Council apologises after ‘appropriating’ Māori marketing campaign slogan


Whakatāne council has apologised to iwi after “appropriating” a slogan used to struggle water bottling consents within the district.

Photograph: rnz

Māori water rights activists mentioned Whakatāne District Council’s use of the phrase “he tāonga te wai” when encouraging the neighborhood to preserve water was “appropriation” and “insulting”.

Nonetheless, the council mentioned it was simply making an attempt to include extra te reo Māori into its communications and has since apologised and reached out to these offended to have a kōrero about its future use of te reo.

The phrase, which interprets to water is a treasure, has been broadly utilized by Te Runanga o Ngāti Awa when speaking about its struggle in opposition to the grant of consents by the district council and Bay of Loads Regional Council to permit the enlargement of water bottling plant Otakiri Springs.

Chinese language-owned firm Creswell NZ has been granted consents to develop the plant to create billions of plastic bottles on website and to permit thousands and thousands of litres of water to be exported to China.

Otakiri Springs

Photograph: LDR / Charlotte Jones

Te Rūnanga o Ngāti Awa has bitterly fought the enlargement in each the Setting and Excessive Courts to guard its proper as kaitiaki (guardian) of the water and te mauri o te wai (lifeforce of the water).

It has misplaced in each courts.

On Monday, Whakatāne council used the identical whakataukī when asking the neighborhood to preserve water whereas it labored to resolve {an electrical} fault on the remedy plant.

Those that have supported the struggle in opposition to the enlargement felt it was irritating to see the identical phrase used to encourage residents to preserve water when a useful resource consent granted by the council will enable it to be exported abroad.

In response, Māori water rights activist and member of He Taonga Te Wai neighborhood group Lanae Cable crafted a letter for others to ship to the council to precise their frustration at using the phrase.

This was picked up by outstanding Māori social-media influencers corresponding to Dunedin-based Jessica Carr, recognized on-line as Māori Mermaid, and unfold on-line by way of their followers.

As of yesterday, the council had obtained 62 responses through its web site relating to using he taonga te wai whakataukī, most of which have been duplicates of Cable’s unique letter.

Council didn’t wish to be insensitive – performing CEO

Appearing chief govt David Bewley mentioned the connection between using the slogan for the council’s water conservation messaging and its use in opposing the enlargement of the water bottling plant at Otakiri was not recognised till the council obtained suggestions on its unique Fb submit.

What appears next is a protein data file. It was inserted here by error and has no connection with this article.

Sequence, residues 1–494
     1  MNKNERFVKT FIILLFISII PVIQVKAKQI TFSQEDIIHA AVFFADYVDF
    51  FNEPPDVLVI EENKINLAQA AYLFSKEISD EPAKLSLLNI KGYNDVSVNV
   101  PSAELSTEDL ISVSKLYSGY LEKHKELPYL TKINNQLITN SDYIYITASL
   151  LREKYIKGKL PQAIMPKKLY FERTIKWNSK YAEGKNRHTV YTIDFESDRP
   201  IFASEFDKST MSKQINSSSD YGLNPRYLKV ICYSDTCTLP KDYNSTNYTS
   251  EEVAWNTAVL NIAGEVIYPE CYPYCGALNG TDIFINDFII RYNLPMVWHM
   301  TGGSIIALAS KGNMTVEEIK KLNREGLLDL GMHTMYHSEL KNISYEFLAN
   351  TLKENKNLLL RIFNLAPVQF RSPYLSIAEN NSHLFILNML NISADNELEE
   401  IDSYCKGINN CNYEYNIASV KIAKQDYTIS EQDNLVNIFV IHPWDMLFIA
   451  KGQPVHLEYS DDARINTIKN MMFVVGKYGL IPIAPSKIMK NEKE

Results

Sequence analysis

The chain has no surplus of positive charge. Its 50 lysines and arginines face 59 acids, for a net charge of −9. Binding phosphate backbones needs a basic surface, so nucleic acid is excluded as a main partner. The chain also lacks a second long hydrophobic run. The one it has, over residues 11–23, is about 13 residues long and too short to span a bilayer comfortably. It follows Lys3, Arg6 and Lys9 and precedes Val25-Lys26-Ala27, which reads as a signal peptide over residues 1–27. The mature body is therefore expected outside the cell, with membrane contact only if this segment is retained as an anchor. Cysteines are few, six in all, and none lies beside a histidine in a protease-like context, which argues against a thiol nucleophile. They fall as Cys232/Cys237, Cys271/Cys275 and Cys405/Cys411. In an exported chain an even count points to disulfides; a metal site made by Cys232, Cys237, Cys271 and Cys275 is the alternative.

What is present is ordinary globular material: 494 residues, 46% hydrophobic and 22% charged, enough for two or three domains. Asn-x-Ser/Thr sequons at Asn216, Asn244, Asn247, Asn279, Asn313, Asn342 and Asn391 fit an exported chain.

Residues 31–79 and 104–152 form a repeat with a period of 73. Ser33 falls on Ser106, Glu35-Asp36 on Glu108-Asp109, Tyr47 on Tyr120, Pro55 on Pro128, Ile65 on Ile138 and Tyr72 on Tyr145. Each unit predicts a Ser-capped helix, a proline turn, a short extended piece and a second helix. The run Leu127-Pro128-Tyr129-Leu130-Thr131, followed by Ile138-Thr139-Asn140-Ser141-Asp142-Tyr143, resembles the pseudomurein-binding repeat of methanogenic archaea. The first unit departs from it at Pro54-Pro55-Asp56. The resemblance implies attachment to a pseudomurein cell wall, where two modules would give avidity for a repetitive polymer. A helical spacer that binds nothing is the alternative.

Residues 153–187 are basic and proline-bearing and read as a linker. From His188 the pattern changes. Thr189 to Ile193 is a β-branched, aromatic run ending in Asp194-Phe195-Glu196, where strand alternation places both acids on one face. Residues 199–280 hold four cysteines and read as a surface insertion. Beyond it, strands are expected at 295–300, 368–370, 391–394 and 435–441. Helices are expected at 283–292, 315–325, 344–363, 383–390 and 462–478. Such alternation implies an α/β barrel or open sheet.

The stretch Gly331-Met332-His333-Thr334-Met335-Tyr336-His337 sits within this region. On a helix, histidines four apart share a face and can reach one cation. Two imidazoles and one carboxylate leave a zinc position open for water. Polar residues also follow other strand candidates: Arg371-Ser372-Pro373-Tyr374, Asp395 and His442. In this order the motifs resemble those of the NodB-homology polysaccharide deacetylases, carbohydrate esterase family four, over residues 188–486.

“The council didn’t intend to be insensitive in the direction of Ngāti Awa in utilizing the phrase, and we sincerely apologise for any offence that occurred by us doing so,” Bewley mentioned.

“It was supposed as a non-literal translation of the “Each Drop Counts” message and picture with reference to the necessity to preserve consuming water in Whakatāne and Ohope at the moment, resulting from {an electrical} fault at our water remedy plant. It was by no means supposed to be linked to some other use of the phrase.

“Lately, council workers have made a concerted effort to incorporate te reo Māori in communications wherever attainable. This occasion was an instance of that kaupapa and was performed with real intentions to mirror a extra bilingual method.

“Given the energy of the suggestions obtained, we have now apologised on to Te Runanga o Ngāti Awa and have reiterated our dedication to proceed to work with them, so these conditions will not be repeated sooner or later.

“We have now additionally contacted a consultant of the ‘He Taonga te Wai’ neighborhood group to provoke a korero about using te reo Maori in council communications,” Bewley mentioned.

Cable was contacted for remark however didn’t reply in time for publication.

It’s the regional council’s useful resource consent that enables for the elevated take of water.

The Whakatāne council’s useful resource consent permits for the bodily enlargement of the buildings at Otakiri Springs.

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Native Democracy Reporting is a public curiosity information service supported by RNZ, the Information Publishers’ Affiliation and NZ on Air.

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